Lawyer Fighting Budanov's Release Shot Dead

MTInvestigators standing over the body of Stanislav Markelov, lawyer for the family of slain Chechen woman Elza Kungayeva, in central Moscow on Monday.
A lawyer for the family of a Chechen woman murdered by former army Colonel Yury Budanov was shot dead Monday in central Moscow after holding a news conference decrying Budanov's early release from prison last week.

Stanislav Markelov, who was representing the family of Elza Kungayeva, was shot dead by a masked assailant at about 2:30 p.m. Monday on Ulitsa Prechistenka, near Kropotkinskaya metro station, a city police spokesman told The Moscow Times.

A freelance writer for the liberal newspaper Novaya Gazeta, Anastasia Baburova, was struck in the head by a bullet and died from the injury Monday evening in the hospital.

Markelov, 34, was slain just a few blocks away from the Independent Press Center, where, immediately prior to the attack, he had held a press conference condemning an Ulyanovsk court's decision to release Budanov on parole.

Budanov, convicted in July 2005 for the murder of Kungayeva, walked free from an Ulyanovsk prison Thursday morning, sparking outrage among the victim's family and senior Chechen officials.

He was sentenced to 10 years in prison for strangling Kungayeva, 18, in Chechnya in 2000, but the court last month ordered his early release, citing good behavior in prison and more than five years of time served in pretrial detention.

Budanov, who has maintained that he believed Kungayeva was a rebel sniper and said he strangled her in a fit of rage during an interrogation, has become a rallying figure for Russian nationalists who claim that his conviction was merely an attempt to appease the Chechen leadership.

Markelov made unsuccessful attempts to have the court's decision overturned, and Kungayeva's father, Visa Kungayev, said Monday that the lawyer had received threats last week.

"I have no doubts that he was killed for his professional activities, that he was killed because of the Budanov case," Kungayev told RIA-Novosti.

Kungayev said he received text messages from Markelov last week in which the lawyer said he was being threatened.

Viktoria Tsyplenkova, a spokeswoman for the Moscow branch of the Investigative Committee, said investigators were looking at all possible motives in the contract-style murder, including possible links to his professional activities.

Alexei Dulimov, a lawyer for Budanov, said he was certain that his client had "nothing to do" with Markelov's murder.

"[Budanov] didn't have the slightest thought about taking revenge on Markelov," Dulimov told Interfax. "[Budanov] doesn't know him and has never seen him."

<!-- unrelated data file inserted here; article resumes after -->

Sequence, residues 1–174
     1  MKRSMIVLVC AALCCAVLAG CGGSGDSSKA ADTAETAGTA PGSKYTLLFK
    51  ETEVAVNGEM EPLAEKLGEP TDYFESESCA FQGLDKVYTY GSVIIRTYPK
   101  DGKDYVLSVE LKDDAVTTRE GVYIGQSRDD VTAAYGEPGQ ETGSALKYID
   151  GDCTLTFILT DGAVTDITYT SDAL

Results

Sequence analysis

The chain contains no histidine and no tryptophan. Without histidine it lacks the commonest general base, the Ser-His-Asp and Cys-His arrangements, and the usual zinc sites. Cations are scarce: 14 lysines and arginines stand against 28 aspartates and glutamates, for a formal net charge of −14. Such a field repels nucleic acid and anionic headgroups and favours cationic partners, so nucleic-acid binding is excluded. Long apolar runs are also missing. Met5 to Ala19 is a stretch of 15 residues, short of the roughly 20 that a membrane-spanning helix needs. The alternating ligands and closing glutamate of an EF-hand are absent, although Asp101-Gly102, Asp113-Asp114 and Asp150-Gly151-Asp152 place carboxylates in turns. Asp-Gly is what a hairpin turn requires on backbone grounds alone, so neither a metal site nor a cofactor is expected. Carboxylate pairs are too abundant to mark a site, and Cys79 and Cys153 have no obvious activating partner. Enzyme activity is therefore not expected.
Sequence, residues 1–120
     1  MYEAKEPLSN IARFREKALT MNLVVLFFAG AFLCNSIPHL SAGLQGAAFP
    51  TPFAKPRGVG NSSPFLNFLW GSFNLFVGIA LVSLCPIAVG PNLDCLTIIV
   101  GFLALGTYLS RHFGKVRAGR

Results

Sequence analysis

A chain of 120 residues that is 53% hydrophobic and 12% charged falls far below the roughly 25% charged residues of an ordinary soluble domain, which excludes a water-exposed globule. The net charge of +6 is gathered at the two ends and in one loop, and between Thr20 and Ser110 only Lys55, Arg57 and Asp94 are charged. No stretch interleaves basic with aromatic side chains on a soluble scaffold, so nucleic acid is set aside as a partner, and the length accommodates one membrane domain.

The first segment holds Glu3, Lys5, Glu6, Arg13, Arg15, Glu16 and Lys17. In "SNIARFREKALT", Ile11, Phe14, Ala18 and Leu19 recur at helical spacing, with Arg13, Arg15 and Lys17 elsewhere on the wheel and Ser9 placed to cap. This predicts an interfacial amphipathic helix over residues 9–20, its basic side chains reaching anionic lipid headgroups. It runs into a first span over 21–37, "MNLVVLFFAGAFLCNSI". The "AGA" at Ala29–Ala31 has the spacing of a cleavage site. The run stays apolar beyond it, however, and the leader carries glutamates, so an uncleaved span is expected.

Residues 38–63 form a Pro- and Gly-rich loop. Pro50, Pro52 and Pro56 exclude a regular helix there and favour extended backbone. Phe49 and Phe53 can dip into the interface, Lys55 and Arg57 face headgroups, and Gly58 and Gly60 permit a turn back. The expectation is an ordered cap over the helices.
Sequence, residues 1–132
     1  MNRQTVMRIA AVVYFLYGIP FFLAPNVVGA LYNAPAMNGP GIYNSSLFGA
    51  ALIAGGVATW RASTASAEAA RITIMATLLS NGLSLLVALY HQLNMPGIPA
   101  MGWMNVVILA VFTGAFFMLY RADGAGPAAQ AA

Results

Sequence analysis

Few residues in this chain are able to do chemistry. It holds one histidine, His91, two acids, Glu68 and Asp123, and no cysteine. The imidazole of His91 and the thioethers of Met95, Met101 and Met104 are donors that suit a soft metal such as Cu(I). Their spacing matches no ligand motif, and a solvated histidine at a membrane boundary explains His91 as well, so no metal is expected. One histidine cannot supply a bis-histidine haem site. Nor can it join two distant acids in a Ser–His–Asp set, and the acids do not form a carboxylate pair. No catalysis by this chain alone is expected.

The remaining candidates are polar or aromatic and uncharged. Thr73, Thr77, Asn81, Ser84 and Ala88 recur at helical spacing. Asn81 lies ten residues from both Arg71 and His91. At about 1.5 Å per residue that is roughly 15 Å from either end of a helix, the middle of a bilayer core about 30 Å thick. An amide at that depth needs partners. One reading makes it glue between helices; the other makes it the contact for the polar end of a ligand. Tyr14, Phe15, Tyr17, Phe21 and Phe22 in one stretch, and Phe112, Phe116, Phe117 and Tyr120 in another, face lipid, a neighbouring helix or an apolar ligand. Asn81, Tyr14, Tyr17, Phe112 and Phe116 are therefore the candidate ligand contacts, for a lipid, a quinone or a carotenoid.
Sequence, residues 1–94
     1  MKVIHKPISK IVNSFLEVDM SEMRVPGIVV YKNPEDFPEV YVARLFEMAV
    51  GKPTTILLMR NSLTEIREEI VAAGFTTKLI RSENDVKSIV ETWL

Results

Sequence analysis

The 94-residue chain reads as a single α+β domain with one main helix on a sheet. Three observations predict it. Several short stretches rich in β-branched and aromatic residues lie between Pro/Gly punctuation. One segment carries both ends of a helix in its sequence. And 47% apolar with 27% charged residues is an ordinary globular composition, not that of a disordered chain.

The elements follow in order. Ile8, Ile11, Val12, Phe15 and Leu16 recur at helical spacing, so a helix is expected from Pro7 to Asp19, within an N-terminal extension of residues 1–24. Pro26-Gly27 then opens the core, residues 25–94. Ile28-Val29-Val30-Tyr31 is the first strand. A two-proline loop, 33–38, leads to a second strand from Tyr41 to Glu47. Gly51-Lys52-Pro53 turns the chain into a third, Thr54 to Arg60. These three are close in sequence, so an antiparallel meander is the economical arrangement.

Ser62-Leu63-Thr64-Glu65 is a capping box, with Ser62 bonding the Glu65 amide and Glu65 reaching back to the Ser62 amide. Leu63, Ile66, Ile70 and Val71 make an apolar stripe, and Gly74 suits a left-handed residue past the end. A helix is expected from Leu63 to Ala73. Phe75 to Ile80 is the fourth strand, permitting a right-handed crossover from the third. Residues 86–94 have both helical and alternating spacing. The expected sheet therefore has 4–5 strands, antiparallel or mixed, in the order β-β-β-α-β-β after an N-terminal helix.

Markelov left the press center shortly after 2 p.m. Monday after giving several follow-up interviews to reporters, said a woman who answered the telephone there. She declined to give her name.

A witness told NTV television that a man wearing a green ski mask approached Markelov from behind and shot him in the head at point-blank range. The gunman fled into Kropotkinskaya metro station and presumably left the area by train, NTV reported.

For more than two hours after the attack, Markelov's corpse lay at the foot of the stairs of building No. 1 on Ulitsa Prechistenka, his head resting in a pool of blood as investigators examined the crime scene.

Prosecutor General Yury Chaika has taken personal control over the investigation, a spokesman for his office said Tuesday evening.

Human rights activists expressed grief and outrage over Markelov's death. "Markelov was not only a lawyer but an ombudsman," Oleg Orlov of the human rights watchdog Memorial said in a telephone interview.

"The [slaying] of people like Markelov is a shame to our country," said Lyudmila Alexeyeva, head of Moscow Helsinki Group, Interfax reported.

Memorial activists and other human rights groups said they would lay flowers at the crime scene Tuesday.

Budanov was arrested in 2000, but a court concluded in 2002 that he could not be held criminally responsible because of brain injuries he had sustained in combat during federal forces' second military campaign in Chechnya.

That ruling was overturned by the Supreme Court in 2003.

Budanov's appeal for early release was his fifth, with all of his earlier requests being rejected. The Ulyanovsk court's decision to release him prompted large-scale protests last month in Grozny.